Stand by: LCDs gaining fast on Plasma TVs

Panasonic

(MoneyWatch) Musings on the death of plasma television sets have been around for at least a half dozen years, based on the recession and improved LCD set technology. Those predictions have so far proven premature. But  new data from analyst firm IHS suggests that plasma TVs may finally be on their way out in the U.S., largely because they have lost their key price advantage.

According to IHS, the Super Bowl countdown has become a time for people in the U.S. to stock up on large flat screen televisions. This year, LCD sets (the category includes LEDs) had an even bigger win than the Ravens: 15 percent year-over-year growth for January sales. The industry sold about 2 million sets during the month, "one of the most important months of the year for the U.S. television market," and the reason was declining prices. According to the firm's press release:

"The cost of LCD TVs sized 50-inches and larger has been plunging since the second half of 2012 as television brands introduced new models," said Jusy Hong, senior analyst, television, for IHS. "This rise in competition helped propel strong growth for large-sized LCD TV sales during the Super Bowl sales season in January. Shipments of LCD TVs sized 60-inches and larger showed particularly strong gains, with their penetration of the market tripling in January compared to the same month in 2012."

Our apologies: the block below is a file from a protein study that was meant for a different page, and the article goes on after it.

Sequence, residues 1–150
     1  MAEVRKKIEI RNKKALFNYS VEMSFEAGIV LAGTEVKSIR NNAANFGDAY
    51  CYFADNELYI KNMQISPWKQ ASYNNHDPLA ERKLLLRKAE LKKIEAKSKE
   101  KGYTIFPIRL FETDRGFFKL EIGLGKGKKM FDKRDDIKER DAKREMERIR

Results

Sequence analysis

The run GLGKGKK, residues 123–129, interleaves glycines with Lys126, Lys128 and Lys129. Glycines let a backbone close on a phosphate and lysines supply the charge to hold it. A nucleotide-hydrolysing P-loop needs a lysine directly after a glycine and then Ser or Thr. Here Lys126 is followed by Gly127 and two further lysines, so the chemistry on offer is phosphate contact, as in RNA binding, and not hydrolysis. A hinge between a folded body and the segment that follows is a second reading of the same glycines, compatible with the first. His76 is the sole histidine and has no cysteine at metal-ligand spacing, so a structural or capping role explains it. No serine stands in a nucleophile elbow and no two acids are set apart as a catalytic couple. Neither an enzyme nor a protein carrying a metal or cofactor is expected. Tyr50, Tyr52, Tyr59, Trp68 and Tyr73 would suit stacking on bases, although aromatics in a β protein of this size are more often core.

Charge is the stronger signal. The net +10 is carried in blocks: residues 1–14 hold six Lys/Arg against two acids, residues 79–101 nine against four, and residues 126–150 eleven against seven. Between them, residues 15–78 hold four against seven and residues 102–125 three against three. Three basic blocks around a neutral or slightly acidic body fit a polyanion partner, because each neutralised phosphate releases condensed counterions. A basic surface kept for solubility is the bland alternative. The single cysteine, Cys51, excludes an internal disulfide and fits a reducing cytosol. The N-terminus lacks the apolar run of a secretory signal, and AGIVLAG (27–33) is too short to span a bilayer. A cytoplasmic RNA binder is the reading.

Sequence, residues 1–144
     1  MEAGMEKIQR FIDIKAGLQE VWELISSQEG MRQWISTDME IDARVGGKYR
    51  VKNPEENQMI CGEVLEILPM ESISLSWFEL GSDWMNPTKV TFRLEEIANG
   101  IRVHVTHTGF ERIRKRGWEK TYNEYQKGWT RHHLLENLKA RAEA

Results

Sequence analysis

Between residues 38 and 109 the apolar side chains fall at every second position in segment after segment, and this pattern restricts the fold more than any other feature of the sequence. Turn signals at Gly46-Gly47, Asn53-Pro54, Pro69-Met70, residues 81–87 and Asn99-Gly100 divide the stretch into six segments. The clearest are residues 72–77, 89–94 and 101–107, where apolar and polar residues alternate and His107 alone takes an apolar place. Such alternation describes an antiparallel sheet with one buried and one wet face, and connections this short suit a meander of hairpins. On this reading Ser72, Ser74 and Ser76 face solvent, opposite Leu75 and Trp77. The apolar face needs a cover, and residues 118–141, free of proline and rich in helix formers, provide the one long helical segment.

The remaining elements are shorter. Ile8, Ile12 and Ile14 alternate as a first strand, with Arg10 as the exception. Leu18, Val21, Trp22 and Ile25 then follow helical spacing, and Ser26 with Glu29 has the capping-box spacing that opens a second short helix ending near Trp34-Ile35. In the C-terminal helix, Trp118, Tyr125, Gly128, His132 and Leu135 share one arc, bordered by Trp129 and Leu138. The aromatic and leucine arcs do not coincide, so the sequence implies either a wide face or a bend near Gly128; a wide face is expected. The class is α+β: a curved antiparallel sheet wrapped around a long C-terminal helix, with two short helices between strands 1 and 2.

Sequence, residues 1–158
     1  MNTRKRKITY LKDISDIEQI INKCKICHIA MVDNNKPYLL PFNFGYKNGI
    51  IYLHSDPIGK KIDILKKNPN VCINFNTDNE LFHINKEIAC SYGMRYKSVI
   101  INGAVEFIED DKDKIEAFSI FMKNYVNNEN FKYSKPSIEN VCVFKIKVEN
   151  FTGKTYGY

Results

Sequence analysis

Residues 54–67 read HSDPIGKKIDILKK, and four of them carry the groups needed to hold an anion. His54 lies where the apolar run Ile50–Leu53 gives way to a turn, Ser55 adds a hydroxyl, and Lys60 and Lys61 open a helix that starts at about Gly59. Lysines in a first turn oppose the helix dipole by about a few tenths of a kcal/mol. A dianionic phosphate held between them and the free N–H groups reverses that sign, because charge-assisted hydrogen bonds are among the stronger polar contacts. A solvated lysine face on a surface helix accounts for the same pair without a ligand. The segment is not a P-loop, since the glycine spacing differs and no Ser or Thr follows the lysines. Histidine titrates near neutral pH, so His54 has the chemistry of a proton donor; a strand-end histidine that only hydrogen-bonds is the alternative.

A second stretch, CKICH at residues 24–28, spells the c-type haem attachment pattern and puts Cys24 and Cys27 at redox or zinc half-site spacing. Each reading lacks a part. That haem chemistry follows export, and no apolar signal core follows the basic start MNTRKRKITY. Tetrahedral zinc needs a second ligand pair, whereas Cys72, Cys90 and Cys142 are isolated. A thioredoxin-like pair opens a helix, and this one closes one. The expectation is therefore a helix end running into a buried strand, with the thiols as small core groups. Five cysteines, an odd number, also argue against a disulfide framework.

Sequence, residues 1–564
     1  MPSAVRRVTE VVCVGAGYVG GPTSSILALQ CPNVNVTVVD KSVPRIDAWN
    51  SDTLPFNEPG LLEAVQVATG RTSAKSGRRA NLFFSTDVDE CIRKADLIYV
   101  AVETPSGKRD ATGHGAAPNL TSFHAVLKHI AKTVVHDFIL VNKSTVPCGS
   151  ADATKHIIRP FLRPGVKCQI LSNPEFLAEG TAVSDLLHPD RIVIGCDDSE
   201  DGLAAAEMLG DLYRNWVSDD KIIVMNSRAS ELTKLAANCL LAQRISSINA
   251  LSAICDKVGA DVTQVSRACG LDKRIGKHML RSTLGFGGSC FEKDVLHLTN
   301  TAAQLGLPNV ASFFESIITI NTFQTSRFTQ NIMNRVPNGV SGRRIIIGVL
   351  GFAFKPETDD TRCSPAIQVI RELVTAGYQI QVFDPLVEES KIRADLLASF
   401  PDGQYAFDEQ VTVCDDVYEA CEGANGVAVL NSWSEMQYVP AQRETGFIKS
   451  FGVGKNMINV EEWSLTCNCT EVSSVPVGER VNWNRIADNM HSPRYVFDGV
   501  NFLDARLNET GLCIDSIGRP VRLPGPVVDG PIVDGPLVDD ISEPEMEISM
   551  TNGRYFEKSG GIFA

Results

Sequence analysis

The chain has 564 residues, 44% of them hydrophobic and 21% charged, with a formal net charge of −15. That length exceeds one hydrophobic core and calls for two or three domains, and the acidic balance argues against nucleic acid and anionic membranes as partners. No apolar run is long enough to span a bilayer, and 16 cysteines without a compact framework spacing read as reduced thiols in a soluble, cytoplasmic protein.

That's great for consumers, and vendors likely basked in the volume, if not the profit margins on the units. However, plasma set sales "plunged." An email exchange, and a check with the South Korea-based analysts, led to a number. Plasma TV sales dropped by a full third year over year in January. About 200,000 sets -- a tenth of LCD sales.

Plasma sets have enjoyed a number of advantages. They generally cost less, offered better contrast, and didn't have problems displaying fast action. But LCD manufacturers have improved image quality and, more importantly, driven down price with increased volume. In fact, the 60-inch LCD models of second-tier brands were actually cheaper than similarly sized plasma from top-tier manufacturers. Presumably, those driven by a budget saw the brighter screens and cheaper prices of some LCD brands and picked those instead of plasmas. The question now is at what point will the remaining plasma vendors decide that putting everything into LCD will make more sense, and more money.

Image: Panasonic

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    Erik Sherman is a widely published writer and editor who also does select ghosting and corporate work. The views expressed in this column belong to Sherman and do not represent the views of CBS Interactive. Follow him on Twitter at @ErikSherman or on Facebook.